DETROIT, Michigan — The Salvation Army of Metro Detroit will launch its annual Red Kettle Campaign throughout Wayne, Oakland and Macomb counties on Friday, Nov. 11. This year’s goal is $8.2 million, a figure needed to ensure the organization can continue providing more than 3 million meals and nearly 700,000 nights of shelter each year to the less fortunate.
The annual Red Kettle Campaign is launching on the heels of statistics released by the U.S. Census Bureau in September, indicating Michigan’s poverty rate is 16.8 percent, the highest it has been in four decades, with median income levels continuing to fall.
The Salvation Army combats poverty by combining grassroots fundraising with special events designed to engage supporters through metro Detroit. The nonprofit is especially proud to note that all money raised at red kettle sites stays in the community in which it is given. Donations made online or by phone can be earmarked for specific communities as well.
Proudly Serving Detroit for 125 Years
The 2011 fundraising campaign also marks the start of a yearlong celebration marking The Salvation Army’s 125th year of service to Detroit.
Records indicate that The Salvation Army, one of Detroit’s oldest and most trusted charities, officially began serving Detroit in October 1887 in a rented space located above a fish market in the city’s Cadillac Square. Church meetings, which included attention-getting brass and drum bands, were held in the streets to bring the word of God directly to the people they aimed to help.
In the following years, the church and its followers, called Salvationists, faced resistance from the local city government because some viewed the meetings as a public disturbance.
An Indianapolis-based Salvationist named Colonel Blanche Cox, the area’s Provincial Leader, traveled to Detroit to lead the charge in allowing these open air meetings, standing up to authorities and fighting for The Salvation Army’s rights to freedom of speech.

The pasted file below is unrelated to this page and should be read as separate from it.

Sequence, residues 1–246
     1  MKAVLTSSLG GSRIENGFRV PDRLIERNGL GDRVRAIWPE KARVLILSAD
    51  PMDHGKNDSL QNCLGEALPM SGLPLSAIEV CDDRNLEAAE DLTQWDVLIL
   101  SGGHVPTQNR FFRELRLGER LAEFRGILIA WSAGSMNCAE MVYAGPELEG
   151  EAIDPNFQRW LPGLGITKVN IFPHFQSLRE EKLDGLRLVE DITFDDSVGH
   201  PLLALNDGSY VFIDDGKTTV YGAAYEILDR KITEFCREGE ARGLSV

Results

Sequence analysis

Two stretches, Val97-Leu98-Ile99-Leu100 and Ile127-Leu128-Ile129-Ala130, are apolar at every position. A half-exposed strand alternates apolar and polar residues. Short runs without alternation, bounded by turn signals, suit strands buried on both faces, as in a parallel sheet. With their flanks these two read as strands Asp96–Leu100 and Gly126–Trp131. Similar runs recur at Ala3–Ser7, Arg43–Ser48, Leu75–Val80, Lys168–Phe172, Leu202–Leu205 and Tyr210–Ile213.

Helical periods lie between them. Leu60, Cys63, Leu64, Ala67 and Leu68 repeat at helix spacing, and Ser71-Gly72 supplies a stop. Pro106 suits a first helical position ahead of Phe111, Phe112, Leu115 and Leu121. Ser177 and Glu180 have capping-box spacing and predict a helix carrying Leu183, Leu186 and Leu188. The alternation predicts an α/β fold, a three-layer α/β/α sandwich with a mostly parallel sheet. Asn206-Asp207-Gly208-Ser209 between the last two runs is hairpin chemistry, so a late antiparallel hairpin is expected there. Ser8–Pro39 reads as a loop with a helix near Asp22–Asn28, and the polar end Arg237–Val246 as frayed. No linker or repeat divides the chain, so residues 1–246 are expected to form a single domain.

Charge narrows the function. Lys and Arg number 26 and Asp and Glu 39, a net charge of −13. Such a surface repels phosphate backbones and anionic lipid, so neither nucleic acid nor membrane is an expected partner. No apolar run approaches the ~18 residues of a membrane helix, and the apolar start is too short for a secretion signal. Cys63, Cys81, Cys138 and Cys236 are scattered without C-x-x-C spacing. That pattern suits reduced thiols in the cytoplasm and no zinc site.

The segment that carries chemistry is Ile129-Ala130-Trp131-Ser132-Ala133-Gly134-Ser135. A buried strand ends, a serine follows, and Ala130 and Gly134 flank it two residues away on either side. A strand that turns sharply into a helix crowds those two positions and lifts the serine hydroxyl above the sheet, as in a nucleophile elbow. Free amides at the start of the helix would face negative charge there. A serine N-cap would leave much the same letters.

Through Col. Cox’s persistence – and the help and financial support of James Scripps, owner of The Detroit News, which published a front page article supporting Cox and The Salvation Army – justice and free speech won out. The Salvation Army obtained permission to hold meetings near the City Hall area in 1901.
Although The Salvation Army worked to help the poor and destitute all year long even then, Christmas assistance in particular soon became a major focus of the work in Detroit. The Red Kettle Campaign officially started in 1891 on the streets of San Francisco. Detroit host its first red kettles soon after.
Continuing that longstanding tradition, through Dec. 24, bell ringers will collect donations at more than 400 red kettle sites such as Kroger, WalMart, Macy’s, Sam’s Club, JCPenney, Walgreens, Gordon Food Service, ACO Hardware, Hiller’s Markets and The Salvation Army Family & Thrift Stores.
Christmas is an especially important time for The Salvation Army, which also distributes Christmas food boxes to families in need, gift cards for food for senior citizens and toys to families in need for wrapping under the Christmas tree.
“This area is facing record numbers of the poor and destitute needing basic human services such as enough food to eat and a place to lay their heads,” said Major Mark Anderson, general secretary and metro Detroit area commander of The Salvation Army of Metro Detroit. “Donating to The Salvation Army is the most direct way to help those touched by the state’s continued economic woes, because .85 cents of every dollar given in your community goes directly to fund programs that change lives.”
Five Ways to Give
- At more than 400 red kettle locations throughout southeast Michigan
- Call 877-SAL-MICH
- Log on to www.salmich.org
- By mail, send checks to 16130 Northland Drive, Southfield, MI 48075
- Text ‘GOODMICH’ to 80888 to make a $10 donation *